8. You have an interesting blog (www.kerugma.solideogloria.com). Describe it for us.
My blog (“web log”) is an online journal called KERUGMA, which means “to preach” in koine Greek. I think the Internet can be compared to the Reformation’s Gutenberg Press. It’s a new and innovative way of proclaiming the message of Christ to untold multitudes. I believe that the Christian should take advantage of the Internet as a tool for promoting the truth. My desire is to advance the precious doctrines of our Reformed heritage on the net. My focus will be the preached Word as it relates to the pulpit and the pew. It will have a distinctly Puritan emphasis.
9. Who are your favourite authors?
In no specific order they would be: Samuel Rutherford, David Dickson, Ralph Erskine, Thomas Watson, Wilhelmus à Brakel, William Jay, Andrew Bonar, Octavius Winslow, Robert Murray M’Cheyne, John Murray, Martyn Lloyd-Jones.
10. What are your thoughts about being a minister in the Free Reformed Churches?
Quite frankly, before I met the brethren in the Free Reformed Churches (FRC), I had no idea there was a continental Reformed federation that appreciated the experiential nature of Calvinism. Growing up in Lacombe (where the Christian Reformed Church was dominant), I thought anything Reformed would be in the presumptive vein. However the more I investigated the FRC, the more I saw that they were saying the same thing as the Scottish, just with different words. The Secession history of 1834 is very similar to the Scottish Secession of 1843. To be an under-shepherd of Christ in this federation is a true blessing. The emphasis of knowledge with piety strikes a note with my wife and I. It is a place where we feel we can learn and contribute to the advancement of the Gospel.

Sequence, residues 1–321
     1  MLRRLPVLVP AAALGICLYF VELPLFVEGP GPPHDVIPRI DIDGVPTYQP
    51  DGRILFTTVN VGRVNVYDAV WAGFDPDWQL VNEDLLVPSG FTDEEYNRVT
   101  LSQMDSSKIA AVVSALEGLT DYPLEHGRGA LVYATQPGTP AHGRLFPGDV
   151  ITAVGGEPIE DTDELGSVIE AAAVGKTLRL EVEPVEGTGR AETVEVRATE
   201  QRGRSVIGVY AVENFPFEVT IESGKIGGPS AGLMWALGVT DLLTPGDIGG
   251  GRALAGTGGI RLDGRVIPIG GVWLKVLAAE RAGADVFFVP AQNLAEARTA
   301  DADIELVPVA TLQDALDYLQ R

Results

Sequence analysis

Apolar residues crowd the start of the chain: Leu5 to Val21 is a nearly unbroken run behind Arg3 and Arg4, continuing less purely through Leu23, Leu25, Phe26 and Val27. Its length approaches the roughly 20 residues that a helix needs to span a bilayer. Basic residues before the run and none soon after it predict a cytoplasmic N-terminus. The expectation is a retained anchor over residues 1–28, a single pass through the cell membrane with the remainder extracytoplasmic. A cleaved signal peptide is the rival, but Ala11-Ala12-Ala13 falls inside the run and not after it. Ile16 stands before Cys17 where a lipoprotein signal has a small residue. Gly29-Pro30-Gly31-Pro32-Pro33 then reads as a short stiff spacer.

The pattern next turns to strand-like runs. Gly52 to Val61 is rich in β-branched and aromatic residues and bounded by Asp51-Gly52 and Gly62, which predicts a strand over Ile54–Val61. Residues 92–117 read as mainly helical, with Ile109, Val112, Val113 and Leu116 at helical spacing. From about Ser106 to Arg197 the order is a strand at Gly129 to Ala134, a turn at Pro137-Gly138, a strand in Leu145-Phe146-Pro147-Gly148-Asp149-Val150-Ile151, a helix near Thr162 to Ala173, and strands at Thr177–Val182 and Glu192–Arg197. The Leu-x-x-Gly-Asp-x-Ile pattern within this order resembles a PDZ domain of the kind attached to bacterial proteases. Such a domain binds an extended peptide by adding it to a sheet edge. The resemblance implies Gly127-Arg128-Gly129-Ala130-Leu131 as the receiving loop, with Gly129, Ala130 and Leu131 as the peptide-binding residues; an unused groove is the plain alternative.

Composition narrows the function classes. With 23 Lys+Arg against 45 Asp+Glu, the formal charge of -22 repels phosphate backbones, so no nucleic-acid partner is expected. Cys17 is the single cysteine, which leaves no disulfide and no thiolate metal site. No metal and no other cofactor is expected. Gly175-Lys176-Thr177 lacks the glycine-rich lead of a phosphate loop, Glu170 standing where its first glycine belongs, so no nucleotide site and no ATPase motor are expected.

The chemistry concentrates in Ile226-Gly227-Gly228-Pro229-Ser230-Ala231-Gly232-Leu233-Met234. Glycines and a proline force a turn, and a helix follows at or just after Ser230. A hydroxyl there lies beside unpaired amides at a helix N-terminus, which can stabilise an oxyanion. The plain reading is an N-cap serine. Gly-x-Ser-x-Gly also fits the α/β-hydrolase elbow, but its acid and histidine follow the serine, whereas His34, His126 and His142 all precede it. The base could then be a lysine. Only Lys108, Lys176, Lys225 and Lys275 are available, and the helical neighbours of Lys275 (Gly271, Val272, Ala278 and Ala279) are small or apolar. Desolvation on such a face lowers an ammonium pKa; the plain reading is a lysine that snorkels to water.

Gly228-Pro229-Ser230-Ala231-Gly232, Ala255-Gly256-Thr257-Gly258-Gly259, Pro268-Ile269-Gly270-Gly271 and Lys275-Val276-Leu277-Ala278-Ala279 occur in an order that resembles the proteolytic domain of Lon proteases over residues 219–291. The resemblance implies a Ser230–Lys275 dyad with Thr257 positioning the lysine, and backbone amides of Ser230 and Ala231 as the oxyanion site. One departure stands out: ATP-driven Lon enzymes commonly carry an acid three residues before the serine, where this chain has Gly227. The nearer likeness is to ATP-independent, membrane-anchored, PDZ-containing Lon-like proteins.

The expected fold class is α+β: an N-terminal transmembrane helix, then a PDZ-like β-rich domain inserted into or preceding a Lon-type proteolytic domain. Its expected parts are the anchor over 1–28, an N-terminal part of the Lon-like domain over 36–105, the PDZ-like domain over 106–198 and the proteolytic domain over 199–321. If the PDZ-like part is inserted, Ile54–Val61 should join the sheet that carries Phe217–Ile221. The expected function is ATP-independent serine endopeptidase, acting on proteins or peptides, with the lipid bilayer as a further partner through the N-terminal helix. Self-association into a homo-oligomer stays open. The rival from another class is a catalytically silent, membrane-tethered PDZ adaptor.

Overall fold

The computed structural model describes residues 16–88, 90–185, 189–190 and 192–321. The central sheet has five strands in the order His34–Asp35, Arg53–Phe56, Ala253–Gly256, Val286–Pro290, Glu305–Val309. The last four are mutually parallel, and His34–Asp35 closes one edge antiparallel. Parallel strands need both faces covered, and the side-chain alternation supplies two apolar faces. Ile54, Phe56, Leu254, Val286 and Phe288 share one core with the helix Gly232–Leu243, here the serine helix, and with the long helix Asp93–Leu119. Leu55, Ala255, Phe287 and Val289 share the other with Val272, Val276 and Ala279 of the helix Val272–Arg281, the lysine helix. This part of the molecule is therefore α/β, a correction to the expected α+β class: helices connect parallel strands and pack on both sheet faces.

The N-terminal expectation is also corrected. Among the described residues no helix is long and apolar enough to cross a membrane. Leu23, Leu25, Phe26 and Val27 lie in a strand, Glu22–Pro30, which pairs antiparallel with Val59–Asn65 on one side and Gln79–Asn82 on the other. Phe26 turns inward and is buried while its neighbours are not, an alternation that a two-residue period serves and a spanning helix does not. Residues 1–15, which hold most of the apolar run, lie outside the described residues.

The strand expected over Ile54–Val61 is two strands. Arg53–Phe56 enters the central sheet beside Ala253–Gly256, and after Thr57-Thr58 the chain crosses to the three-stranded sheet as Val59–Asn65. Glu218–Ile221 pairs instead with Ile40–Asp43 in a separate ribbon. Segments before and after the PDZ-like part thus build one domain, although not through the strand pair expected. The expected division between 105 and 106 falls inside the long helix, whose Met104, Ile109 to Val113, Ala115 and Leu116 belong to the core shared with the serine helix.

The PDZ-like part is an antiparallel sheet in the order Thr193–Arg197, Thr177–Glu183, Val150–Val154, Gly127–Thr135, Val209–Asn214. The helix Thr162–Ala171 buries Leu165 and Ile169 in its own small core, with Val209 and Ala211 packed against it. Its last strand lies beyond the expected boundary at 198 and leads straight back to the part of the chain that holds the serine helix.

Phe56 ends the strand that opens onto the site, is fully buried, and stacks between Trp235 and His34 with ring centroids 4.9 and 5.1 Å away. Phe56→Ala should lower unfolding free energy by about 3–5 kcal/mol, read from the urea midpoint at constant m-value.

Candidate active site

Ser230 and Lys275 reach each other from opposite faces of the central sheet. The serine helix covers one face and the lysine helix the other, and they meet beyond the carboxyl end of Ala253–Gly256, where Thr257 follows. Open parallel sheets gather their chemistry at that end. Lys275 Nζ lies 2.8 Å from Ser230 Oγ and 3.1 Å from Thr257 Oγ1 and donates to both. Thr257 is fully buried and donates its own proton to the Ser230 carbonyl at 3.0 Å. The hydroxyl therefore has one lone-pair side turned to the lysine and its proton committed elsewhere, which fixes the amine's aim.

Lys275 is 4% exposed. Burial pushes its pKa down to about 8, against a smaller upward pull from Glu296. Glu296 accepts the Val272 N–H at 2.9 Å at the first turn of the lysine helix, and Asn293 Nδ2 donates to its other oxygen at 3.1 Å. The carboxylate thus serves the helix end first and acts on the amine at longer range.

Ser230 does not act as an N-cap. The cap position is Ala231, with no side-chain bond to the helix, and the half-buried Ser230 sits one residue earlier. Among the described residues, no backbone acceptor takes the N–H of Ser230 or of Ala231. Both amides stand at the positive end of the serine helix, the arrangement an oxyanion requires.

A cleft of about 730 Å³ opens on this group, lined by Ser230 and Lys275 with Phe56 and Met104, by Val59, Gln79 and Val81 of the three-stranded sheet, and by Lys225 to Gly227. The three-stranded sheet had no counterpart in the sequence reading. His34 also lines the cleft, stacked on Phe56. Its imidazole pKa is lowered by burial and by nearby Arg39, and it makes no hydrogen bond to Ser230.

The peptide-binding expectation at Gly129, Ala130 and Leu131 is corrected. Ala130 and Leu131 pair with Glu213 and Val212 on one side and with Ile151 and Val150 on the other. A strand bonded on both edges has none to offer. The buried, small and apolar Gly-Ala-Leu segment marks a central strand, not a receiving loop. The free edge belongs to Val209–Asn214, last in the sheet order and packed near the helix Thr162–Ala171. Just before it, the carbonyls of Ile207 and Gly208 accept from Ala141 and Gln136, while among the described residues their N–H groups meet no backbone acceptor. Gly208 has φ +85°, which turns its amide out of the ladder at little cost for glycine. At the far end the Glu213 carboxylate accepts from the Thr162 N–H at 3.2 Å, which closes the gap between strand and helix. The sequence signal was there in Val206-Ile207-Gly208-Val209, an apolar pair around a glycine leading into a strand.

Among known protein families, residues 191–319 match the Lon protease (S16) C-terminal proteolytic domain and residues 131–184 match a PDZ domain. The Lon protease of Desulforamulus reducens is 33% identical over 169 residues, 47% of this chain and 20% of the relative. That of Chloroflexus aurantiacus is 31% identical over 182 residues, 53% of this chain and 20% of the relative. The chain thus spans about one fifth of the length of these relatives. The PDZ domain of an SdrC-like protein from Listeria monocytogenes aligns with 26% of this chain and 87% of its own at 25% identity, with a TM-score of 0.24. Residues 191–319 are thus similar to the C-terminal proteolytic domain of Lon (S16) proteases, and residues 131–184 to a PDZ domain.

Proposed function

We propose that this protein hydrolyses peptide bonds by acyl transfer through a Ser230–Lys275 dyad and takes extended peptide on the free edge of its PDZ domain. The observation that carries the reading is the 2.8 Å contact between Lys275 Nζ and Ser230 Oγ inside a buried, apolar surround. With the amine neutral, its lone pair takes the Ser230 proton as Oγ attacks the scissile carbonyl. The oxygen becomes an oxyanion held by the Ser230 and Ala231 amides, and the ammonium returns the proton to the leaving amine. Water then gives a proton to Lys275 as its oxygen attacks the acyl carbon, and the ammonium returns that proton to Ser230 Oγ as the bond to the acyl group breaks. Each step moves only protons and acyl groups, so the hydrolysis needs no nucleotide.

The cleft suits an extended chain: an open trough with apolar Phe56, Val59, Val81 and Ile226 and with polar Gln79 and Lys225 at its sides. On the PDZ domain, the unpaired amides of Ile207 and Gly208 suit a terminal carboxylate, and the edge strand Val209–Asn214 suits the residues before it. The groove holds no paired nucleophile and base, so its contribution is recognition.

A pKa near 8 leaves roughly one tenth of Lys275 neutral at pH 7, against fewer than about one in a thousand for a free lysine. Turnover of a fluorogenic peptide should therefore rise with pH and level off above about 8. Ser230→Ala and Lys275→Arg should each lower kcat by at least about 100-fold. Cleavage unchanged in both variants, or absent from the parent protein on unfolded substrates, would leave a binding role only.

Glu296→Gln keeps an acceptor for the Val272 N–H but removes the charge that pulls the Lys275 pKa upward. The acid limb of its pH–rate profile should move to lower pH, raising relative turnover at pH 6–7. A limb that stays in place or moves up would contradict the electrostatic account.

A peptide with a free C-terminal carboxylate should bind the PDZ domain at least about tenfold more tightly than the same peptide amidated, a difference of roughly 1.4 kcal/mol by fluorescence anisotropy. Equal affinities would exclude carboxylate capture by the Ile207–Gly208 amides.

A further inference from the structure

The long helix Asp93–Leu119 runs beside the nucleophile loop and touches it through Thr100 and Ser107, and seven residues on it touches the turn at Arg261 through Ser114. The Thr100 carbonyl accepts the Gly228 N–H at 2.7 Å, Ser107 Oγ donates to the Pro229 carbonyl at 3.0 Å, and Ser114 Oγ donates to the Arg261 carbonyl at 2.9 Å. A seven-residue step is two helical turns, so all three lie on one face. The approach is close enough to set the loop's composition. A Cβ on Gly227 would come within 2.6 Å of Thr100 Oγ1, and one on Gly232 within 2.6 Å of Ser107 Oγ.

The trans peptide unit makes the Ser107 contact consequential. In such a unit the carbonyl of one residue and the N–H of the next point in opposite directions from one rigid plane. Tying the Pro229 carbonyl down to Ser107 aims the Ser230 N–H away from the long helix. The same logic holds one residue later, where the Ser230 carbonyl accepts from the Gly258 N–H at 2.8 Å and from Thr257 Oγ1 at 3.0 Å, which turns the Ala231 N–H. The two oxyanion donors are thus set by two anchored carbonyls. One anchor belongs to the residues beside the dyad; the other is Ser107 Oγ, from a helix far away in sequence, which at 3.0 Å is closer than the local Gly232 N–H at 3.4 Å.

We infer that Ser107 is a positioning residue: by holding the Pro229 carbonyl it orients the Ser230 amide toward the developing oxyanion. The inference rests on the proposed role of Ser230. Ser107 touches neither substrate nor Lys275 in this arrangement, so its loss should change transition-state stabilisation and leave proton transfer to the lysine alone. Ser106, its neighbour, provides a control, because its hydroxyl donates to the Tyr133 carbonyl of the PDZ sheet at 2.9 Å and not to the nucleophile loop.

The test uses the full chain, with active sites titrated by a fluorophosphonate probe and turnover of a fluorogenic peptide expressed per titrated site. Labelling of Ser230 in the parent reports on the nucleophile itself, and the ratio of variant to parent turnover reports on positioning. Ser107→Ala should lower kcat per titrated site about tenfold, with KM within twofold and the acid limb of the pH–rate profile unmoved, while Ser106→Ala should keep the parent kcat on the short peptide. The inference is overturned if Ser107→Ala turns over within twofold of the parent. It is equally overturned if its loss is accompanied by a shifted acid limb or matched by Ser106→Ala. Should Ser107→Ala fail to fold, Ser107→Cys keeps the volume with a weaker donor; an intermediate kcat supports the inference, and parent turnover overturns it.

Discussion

11. From what you have seen so far, what do you appreciate about the Free Reformed Churches?
I’m most impressed by the doctrinal balance I find within the Free Reformed Churches. Often in our day a denomination is known for what it is not rather than what it is. In the FRC, I see more of what we are, and what we wish to become. I see a federation that is confessional; I see a federation that is experiential; I see a federation trying to bring forward the “old paths” in a complex new world. But most importantly, I see a federation that desires to see (as Rutherford would say), “Christ dying, and drawing sinners to himself.” To this I say, “Thank you Lord”!
12. How is the work going in Lacombe?
We are generally encouraged. Being a congregation made up of at least five “kinds” of Reformed backgrounds, there are some challenges, to be sure. We need to focus more on the future than the past. Lord willing, that will come in time as we forge a new way together in the FRC. At the same time this diversity has its blessings. There are good ideas and gifts coming from many areas of the congregation. This can only help if we keep Christ in view. We need to keep in mind that there are “diversities of gifts, but the same Spirit. And there are differences of administrations, but the same Lord” (1 Cor. 12:4, 5).
I am burdened for our youth, as most are. I see many of our young people standing with one foot in the world and one foot in the church – torn between two wills and worlds. The modern church says that we need to be more relevant to our young people to keep them, but I wonder if we don’t need more prayer, a lively faith, and a pleading of the promises.
We continue to grow in size. Will it be sustained growth? The Lord knows. More importantly, will it be spiritual growth? This is our prayer as a congregation. We will look to the Lord as the builder and sustainer of His Church.
Rev. Jack Schoeman is the pastor of the Free Reformed Church of Monarch, Alberta, Canada. This interview is taken with permission from the October 2006 edition of The Messenger.